“good riddance!”

Of course, everything I just said
not only applies to those other people—
those other sheep—it applies to ourselves!

We wander off because we get our focus
on someone other than Jesus, who is our shepherd.
We—or the other sheep we’re with—
would rather be at a soccer game.

We wander off because we decide
that we really don’t need a shepherd—
we know our own way.

I’ll tell you a secret—but you already know it.
Sometimes grownups say,
“now that I’m a grownup,
I don’t need my faith so much. That’s for kids.”

Let me tell you: I’m 48 years old, I’m a grown man.
But I am not so smart that I know every answer.
Today I needed Jon Paul to help me with my computer!
So how can I think I don’t need Jesus to lead me every day?

We might wander off, thinking, what I do is my business.
But caring for each other is our business.
Just like a team, we need everyone. Everyone counts.

So tonight, with the sacrament of penance,
We have the opportunity to get back.

Of course, this is a first time for many of us.
But I am confident it won’t be your last.

Now I know how hard you worked to be ready;
But if you are afraid you’ll forget, don’t worry!

Father Tom, Father Ang, Father Jason and I will help!

(Hint: that’s true for everyone!)

Parents, after your children have their opportunity,
I want to invite you to receive the grace of this sacrament.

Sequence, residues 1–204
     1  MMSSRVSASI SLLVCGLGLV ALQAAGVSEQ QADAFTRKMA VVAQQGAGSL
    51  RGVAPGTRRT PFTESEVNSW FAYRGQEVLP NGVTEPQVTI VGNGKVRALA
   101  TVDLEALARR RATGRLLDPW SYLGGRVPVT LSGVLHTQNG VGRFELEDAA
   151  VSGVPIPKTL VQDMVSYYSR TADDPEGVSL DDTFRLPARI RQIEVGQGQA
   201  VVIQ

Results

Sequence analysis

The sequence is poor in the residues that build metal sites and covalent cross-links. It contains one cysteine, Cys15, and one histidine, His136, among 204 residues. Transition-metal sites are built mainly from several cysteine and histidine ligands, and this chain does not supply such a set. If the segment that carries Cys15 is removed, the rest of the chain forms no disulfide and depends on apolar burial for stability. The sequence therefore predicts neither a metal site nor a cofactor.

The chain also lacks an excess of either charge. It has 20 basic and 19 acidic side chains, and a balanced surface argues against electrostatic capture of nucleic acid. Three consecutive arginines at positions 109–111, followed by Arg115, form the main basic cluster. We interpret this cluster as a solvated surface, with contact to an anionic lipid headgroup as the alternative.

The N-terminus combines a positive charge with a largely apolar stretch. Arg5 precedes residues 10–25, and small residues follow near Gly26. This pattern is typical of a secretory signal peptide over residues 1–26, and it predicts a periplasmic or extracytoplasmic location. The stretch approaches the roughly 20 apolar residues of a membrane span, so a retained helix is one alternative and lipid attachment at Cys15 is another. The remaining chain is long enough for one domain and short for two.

Now, we might ask:
“Does this Gospel passage mean the sacrament of reconciliation
is only for the sheep who wander off?”

No! This is sacrament is very powerful to help keep us from wandering off.

After all, I suspect the lamb Jesus talked about
may not have realized, right away, he’d gotten lost.

He was happily chewing on grass,
and didn’t realize Jesus was farther and farther away.

This sacrament keeps us close to the Shepherd—
and teaches us to recognize his voice
in all the ways he speaks to us.

Kids, when you’ve driven with mom and dad,
I bet you noticed this: they will get lost,
but they don’t want to admit they are lost.
Or else, they won’t stop to ask directions!

That can be hard to do;
But it is what we do when we go to confession.
“I’m sorry Lord, I got off track. Help me get back!”
And the more often we come, the more easily we do that.

Finally, remember that when the Lord finds us,
He never says, “I came to find you to kick you out!”

No, we heard what Jesus does:
He gathers up his lamb, puts it on his shoulders, “with great joy!”

Let him find you tonight—
Let him keep you close to his heart.

Sunday, January 17, 2010

What a marvel! (Sunday homily)

“What a marvel,”
St. Augustine said of today’s Gospel.
“God came to a wedding!”

When God chose to become a human being,
He made a marriage with Creation,
and with humanity in particular.
At the instant when Jesus was conceived
in the womb of Mary,
from that moment, and forever, without end,
God is united with human flesh and blood.

What a marvel! Let us count the ways.

On one level, we have an ordinary part of life:
a man and woman united in marriage;
But it doesn’t stay on the ordinary level—
Not after Jesus came to the wedding.

The ordinary becomes forever more than ordinary;
Changed, filled with grace.
Water becomes wine; human love becomes divine;
Regular life a place where God is real and present;
Heaven comes to earth, and earth is lifted up.

That’s what our sacraments are:
Ordinary things, which God takes and uses
to give his supernatural life to us.
Water—in baptism—gives the Holy Spirit.

A priest speaks ordinary words—in confession—
and through them, Christ gives total forgiveness.